Future Hybrid Catamaran Cruiser

Discussion in 'Boat Design' started by Becaris, May 26, 2009.

  1. Becaris
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    Becaris Junior Member

    I'm taking a look at 'near' future technology as applied to a catamaran cruiser. What I mean by 'near' is technology that has been announced, but is not yet commercially available, and how that technology could be used to improve a hybrid sailing yacht.

    First off, there have been some recent breakthroughs in solar panels. These 'thin' panels are lighter and they claim they are cheaper to manufacture (therefore cheaper to the consumer). Right now the only issue is efficiency, but so far each year they have improved efficiency on this technology.
    Simply projecting the improvements forward it is somewhat safe to assume that we will have commercially available thin solar panels in the next few years. Once these new lighter panels are available why not use a Catamaran (with the large deck surface area) and design it to handle quite a few of these light panels? An array of 54 panels that each put out about 200 watts would get you a around an 11 kWh array.

    But thin panels isn't the only breakthrough. What about that problem of 'angle efficiency'? On a yacht creating a mechanism to angle your panels to the sun is too heavy and problematic. But, another new breakthrough in solar panels might deal with this. A technology that captures 30% more light at more angles has been announced.


    Assuming a catamaran of about 50', with two electric motors for propulsion, I wonder how fast it could motor using power right off an 11kWh array? However, that's only good during the sunlight, which brings up batteries. Right now the problems with batteries are weight and price. However, there are already some new lithium batteries out that hold three times the energy of a typical lead acid batter at the same weight. They are currently hideously expensive ($8,000 by some reports) but as we all know, technology prices drop like an anchor, so we can expect more reasonable pricing in the near future.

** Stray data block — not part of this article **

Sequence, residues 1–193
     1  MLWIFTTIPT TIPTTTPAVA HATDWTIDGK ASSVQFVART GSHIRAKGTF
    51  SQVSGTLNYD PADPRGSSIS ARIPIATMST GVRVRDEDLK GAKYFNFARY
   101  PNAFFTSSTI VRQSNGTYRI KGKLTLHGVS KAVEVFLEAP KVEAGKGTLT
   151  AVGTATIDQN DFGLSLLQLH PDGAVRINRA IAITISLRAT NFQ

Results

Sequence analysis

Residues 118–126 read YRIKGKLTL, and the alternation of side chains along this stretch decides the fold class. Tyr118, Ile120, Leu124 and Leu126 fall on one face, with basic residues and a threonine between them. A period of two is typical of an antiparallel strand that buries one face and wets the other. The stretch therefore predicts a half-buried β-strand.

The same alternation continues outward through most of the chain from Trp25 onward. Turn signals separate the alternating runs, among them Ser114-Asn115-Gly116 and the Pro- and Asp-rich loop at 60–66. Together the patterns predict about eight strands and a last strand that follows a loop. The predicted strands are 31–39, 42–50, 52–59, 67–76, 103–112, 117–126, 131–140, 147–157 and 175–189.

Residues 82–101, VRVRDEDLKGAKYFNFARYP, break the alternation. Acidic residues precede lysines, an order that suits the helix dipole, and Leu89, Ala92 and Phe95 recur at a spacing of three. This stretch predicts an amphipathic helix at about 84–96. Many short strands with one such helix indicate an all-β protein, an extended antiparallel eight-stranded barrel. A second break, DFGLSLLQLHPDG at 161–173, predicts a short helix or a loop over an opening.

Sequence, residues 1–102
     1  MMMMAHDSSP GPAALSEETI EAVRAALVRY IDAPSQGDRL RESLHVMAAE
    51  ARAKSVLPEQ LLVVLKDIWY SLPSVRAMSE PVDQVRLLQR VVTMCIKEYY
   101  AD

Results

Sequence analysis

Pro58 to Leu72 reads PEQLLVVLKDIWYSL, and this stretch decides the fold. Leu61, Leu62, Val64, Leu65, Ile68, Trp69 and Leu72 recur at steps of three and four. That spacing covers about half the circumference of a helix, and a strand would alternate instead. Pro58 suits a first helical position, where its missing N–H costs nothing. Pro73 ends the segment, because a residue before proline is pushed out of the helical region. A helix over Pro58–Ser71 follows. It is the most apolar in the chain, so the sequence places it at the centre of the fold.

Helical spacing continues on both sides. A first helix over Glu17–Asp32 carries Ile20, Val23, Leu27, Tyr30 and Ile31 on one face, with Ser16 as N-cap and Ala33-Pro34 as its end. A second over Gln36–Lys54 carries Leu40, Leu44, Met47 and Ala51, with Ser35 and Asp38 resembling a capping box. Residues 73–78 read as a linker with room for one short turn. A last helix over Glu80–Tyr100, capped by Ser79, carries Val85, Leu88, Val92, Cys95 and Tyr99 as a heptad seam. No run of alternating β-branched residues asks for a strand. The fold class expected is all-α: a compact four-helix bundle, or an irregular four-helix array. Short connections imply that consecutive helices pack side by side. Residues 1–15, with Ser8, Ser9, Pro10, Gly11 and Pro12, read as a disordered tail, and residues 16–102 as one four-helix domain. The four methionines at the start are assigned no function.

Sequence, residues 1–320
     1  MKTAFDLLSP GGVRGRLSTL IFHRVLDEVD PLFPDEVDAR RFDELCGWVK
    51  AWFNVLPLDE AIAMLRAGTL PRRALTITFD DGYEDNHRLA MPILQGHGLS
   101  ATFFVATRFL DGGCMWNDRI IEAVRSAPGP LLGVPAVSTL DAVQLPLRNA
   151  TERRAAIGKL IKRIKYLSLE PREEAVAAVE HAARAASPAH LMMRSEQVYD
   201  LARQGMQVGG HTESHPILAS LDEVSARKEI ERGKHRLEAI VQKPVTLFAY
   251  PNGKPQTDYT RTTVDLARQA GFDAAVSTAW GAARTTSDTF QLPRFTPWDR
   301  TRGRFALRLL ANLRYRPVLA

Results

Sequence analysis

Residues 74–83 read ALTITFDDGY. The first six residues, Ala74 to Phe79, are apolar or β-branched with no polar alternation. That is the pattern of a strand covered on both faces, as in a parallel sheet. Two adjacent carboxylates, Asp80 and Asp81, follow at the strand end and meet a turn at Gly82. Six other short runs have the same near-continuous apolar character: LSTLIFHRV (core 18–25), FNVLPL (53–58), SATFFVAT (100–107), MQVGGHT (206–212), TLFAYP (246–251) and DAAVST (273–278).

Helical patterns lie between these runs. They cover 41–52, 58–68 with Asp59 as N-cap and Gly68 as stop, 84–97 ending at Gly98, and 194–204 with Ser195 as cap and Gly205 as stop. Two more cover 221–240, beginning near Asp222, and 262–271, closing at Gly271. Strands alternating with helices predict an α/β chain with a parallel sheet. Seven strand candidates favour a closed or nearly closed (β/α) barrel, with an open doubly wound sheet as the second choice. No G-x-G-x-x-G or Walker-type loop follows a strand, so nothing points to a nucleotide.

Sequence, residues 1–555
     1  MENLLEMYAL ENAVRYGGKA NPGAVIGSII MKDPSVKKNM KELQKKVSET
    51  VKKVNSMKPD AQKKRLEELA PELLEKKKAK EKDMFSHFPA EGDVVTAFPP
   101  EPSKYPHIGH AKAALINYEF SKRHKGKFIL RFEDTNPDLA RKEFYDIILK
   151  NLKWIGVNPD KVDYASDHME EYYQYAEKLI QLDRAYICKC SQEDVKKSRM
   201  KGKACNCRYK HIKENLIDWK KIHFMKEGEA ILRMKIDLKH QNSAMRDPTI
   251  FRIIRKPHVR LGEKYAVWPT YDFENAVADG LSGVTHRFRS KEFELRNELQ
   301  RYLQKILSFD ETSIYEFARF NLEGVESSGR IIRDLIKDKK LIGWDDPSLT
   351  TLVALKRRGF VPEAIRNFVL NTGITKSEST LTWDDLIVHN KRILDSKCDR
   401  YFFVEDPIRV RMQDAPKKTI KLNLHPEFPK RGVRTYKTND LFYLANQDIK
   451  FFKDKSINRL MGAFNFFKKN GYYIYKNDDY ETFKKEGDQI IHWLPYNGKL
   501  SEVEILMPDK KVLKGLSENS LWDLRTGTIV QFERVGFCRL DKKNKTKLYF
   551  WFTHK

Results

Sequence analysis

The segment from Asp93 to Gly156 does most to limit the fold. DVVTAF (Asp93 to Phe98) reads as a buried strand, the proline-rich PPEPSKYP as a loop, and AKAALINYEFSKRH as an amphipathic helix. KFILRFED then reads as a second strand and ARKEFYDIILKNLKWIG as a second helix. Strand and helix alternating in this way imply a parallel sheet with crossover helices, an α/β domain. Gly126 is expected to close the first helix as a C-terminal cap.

Additionally, there is a LOT of competition right now in the area of efficient lighter batteries due to the push for hybrid and electric cars. There is also that breakthrough from MIT that allows lithium batteries to take on a charge MUCH faster (though this might not help a yacht situation away from a marina).

    So assuming we get cheaper, lighter batteries to go along with our new solar panels in a few years, how does that change the landscape in designing a yacht to use these emerging technologies?

    If we were to create an 11 kWh solar array, and have sufficient battery storage to run off fully charged batteries for several hours, why not then design a catamaran to only use diesel fuel in emergencies? I'm currently designing/dreaming of a biplane rigged catamaran (I like the redundancy, safety, ease of use of twin un-stayed rotating masts with In-boom furling for a shorthanded yacht). The yacht would have twin motors rather than diesel engines. While sailing the solar array can charge the battery bank, and when needed you can use the motors (in reverse while sailing) as generators to help charge the batteries. When more power is needed or during nighttime the motors can run off the battery banks. During the day when sailing isn't possible they can run off the solar array and/or batteries as needed. There will be a diesel generator for emergencies (foggy day, no wind, power depleted, got to move). However, baring that rare circumstance the yacht should be able to move via wind, solar and/or battery 99.9% of the time, requiring very little diesel consumption, or none.